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Topic: 64-byte serial receive buffer (Read 657 times) previous topic - next topic

nantais


AFAIK it's just a matter of changing the SERIAL_BUFFER_SIZE #define in HardwareSerial.cpp, however the same value is used for both Tx and Rx so you waste a lot of RAM if your comms is one-sided.

This should really be a parameter or another Serial method call IMO.

______
Rob

That makes a lot of sense.  There are two issues that I know of.  The first is that 1.5 doesn't appear to be using a Tx buffer from what I see in the sourcecode.  I might be wrong about that, but at first read it appears to be the case.  The single-byte write() method has a spin lock until the TXRDY status bit is set.  We're working around that by testing TXRDY ourselves in the main loop() and only calling write() when we know the bit is set.  The second issue is that we would need to make sure the variables in the ring buffer are being updated atomically if they're going to be holding values bigger than 255.  That's probably true for the Due, but we would need to be sure.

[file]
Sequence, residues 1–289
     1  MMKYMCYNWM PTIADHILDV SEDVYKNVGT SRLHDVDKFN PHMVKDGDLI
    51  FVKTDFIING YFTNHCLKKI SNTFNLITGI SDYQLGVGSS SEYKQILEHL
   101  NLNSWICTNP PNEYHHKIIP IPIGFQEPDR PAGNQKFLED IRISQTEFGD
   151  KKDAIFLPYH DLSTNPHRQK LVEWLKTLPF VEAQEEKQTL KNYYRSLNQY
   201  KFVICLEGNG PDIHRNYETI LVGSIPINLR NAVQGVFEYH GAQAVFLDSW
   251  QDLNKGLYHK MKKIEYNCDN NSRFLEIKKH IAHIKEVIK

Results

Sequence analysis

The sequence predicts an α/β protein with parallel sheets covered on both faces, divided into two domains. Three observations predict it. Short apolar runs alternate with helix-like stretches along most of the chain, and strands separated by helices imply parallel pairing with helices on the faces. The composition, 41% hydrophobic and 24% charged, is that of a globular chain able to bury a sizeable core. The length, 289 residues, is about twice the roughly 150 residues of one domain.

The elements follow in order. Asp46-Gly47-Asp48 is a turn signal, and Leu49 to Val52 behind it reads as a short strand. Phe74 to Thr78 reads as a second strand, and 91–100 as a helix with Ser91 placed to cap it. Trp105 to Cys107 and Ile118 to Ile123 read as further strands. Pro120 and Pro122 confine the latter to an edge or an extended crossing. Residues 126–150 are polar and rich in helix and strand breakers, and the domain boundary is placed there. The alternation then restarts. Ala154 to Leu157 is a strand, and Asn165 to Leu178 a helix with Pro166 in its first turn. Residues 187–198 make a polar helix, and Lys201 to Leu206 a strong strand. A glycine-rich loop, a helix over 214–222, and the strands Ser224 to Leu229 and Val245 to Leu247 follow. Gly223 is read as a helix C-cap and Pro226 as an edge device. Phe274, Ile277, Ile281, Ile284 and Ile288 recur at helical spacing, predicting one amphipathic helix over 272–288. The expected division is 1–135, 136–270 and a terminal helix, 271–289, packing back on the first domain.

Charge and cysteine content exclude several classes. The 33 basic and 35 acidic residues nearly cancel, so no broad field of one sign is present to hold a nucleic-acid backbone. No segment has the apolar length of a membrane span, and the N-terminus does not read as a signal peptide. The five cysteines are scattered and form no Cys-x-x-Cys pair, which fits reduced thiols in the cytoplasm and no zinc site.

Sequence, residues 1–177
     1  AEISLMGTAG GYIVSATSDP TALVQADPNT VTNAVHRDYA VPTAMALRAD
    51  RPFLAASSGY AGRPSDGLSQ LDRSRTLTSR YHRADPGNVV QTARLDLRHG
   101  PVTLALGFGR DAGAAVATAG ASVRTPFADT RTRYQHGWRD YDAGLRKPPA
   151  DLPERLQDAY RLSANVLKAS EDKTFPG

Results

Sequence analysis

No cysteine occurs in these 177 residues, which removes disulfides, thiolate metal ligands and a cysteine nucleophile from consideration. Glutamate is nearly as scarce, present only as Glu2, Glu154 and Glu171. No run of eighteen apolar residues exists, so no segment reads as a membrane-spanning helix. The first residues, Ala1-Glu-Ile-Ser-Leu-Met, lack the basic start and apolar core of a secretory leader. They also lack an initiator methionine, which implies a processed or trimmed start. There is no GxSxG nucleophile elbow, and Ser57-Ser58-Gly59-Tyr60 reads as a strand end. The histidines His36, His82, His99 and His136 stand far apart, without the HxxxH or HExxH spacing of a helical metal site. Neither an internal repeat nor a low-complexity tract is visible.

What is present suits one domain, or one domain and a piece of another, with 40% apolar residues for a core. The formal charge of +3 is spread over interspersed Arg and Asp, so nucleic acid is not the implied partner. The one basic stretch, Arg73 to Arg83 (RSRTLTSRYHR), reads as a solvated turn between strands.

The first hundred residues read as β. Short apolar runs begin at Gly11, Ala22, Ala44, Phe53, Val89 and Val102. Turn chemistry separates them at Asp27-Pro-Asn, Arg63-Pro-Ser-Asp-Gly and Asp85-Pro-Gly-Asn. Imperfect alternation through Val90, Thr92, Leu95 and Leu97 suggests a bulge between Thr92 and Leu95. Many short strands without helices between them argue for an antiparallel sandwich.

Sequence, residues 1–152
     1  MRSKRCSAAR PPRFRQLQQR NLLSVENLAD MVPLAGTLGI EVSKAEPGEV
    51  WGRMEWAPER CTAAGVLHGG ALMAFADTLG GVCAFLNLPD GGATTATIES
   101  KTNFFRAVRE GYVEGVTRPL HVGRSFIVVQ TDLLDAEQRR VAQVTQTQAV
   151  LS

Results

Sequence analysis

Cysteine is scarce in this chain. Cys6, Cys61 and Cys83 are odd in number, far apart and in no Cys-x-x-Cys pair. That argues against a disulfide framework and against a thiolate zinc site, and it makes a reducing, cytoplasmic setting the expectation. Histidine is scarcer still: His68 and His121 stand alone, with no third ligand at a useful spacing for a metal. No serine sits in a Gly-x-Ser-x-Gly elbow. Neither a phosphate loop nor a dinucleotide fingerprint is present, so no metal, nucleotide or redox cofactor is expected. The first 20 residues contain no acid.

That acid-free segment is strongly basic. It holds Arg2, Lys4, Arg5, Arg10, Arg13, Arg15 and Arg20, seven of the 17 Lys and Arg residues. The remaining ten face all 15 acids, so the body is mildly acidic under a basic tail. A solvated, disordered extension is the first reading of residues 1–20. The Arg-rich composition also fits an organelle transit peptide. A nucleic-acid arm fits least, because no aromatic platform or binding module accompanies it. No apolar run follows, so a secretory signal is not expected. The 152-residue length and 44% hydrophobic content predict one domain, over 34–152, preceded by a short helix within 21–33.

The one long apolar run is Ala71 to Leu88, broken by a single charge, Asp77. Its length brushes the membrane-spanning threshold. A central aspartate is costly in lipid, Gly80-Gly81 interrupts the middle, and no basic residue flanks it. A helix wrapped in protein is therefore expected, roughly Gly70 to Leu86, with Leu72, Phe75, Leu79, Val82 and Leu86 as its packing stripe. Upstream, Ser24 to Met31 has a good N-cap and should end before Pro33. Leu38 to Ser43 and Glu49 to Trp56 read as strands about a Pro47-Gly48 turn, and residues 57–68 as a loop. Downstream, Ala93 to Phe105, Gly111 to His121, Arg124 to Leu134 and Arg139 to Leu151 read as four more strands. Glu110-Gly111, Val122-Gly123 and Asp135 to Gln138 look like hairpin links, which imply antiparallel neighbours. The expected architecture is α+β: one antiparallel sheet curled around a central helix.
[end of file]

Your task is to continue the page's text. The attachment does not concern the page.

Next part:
Tom

Graynomad

#6
Jul 16, 2013, 05:55 pm Last Edit: Jul 16, 2013, 05:57 pm by Graynomad Reason: 1
Quote
The second issue is that we would need to make sure the variables in the ring buffer are being updated atomically

Doesn't look like it.

Code: [Select]
int HardwareSerial::read(void)
{
  // if the head isn't ahead of the tail, we don't have any characters
  if (_rx_buffer->head == _rx_buffer->tail) {
    return -1;
  } else {
    unsigned char c = _rx_buffer->buffer[_rx_buffer->tail];
    _rx_buffer->tail = (unsigned int)(_rx_buffer->tail + 1) % SERIAL_BUFFER_SIZE;
    return c;
  }
}


The Due would be the same I assume.

______
Rob
Rob Gray aka the GRAYnomad www.robgray.com

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